Talking Volunteerism In an Interview
Jan. 24, 2018
It always can be a tricky proposition when deciding how to present yourself during a job interview. What to talk about and when. It’s no different when interviewing for a health care job.
One of the trickiest aspects to bring up is ones volunteer work. Should you bring it up at all? If so, when during an interview is it most appropriate? Does it depend on actual work experience? The quality and quantity of the community volunteer work?
When interviewing for a health care job, the general consensus is that it’s a good idea to mention volunteerism. This especially is true if it’s in the context of the health care job for which you’re applying. But, to get a better perspective on this, we reached out to a couple of our Concorde resident experts – graduate employment specialists – for their opinions on how best to broach the subject of volunteerism when interviewing for a health care job.
Volunteerism when interviewing for a health care job
“Volunteering can be a game changer for those with little or no experience,” said Robert Gruber, Graduate Employment Specialist at Concorde’s campus in North Hollywood, Calif. “If an employer can’t decide between two candidates, and volunteering is on the resume or brought up in the interview, the employer may just lean toward the one with volunteer experience.”
Gruber said volunteer experience reveals a lot about a person’s life and values.
- People that volunteer tend to appear to have their lives together enough to be thinking of others.
- They not only have compassion for others but feel compelled to take action.
- They take action where action is needed and without material compensation.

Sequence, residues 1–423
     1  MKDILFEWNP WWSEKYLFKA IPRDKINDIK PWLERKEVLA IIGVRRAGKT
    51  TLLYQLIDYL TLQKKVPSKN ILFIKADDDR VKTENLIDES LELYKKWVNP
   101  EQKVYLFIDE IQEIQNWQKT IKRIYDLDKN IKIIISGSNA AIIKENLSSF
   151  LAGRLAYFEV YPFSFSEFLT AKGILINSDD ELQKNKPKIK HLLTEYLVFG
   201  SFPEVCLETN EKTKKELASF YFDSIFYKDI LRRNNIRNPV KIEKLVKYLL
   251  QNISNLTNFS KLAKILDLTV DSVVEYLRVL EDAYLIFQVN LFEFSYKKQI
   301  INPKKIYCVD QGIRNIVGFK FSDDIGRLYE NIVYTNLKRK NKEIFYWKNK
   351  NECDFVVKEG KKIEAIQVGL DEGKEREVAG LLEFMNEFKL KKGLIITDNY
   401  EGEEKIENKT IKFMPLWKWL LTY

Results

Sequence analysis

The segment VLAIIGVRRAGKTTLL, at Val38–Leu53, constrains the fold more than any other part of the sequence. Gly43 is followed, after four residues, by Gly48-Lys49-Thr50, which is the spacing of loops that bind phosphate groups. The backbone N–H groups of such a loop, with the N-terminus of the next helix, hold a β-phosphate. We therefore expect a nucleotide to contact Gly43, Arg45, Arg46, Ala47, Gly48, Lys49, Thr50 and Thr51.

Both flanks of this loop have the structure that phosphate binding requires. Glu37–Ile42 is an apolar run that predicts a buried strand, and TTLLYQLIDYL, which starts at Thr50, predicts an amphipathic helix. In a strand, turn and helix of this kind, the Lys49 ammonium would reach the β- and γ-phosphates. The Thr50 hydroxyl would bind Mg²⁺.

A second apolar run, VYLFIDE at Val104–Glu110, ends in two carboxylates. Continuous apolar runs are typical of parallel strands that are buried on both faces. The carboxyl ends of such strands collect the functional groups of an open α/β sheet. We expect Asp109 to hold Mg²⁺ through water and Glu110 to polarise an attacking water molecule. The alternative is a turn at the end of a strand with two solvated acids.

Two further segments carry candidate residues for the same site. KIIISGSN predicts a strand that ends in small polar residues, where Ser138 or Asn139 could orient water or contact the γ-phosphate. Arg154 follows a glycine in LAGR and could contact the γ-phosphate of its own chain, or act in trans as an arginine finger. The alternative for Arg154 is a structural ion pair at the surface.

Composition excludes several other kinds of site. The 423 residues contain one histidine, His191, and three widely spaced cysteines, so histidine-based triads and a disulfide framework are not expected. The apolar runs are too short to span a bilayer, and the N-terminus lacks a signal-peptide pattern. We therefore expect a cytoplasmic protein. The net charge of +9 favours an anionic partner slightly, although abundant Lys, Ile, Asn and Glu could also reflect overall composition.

- People that volunteer are considerate of others, not thinking about what’s in it for them.
- They are unusually optimistic, acting in a way to make the world a better place.
Gruber said the subject of volunteering can come up any time during an interview for a health care job.
“If I didn’t have much work experience, I might bring it up in response to the ‘Tell me about yourself’ question,” he said. “If it doesn’t feel right, I would offer it when the subject of work experience comes up. I may even offer how it prepared me to be a great candidate for the health care job.”
Showing your passion for the health care job
“Volunteering can be a way to gain some related job experience, a way to express your passion to meet a particular need and a way to give your life balance,” said Joan Kilna, BHRM, Graduate Employment Specialist at Concorde’s campus in Portland, Ore. “Putting volunteer experience on a resume can also express all of these things.”
Kilna stresses to focus on transferable skills learned while volunteering that can be used on the health care job. For example, a medical assistant who is interested in pediatric care and who volunteers at the local children’s hospital is reinforcing desired career goals.
“During the interview, treat your volunteer experience as equal with your work or externship experience,” Kilna said.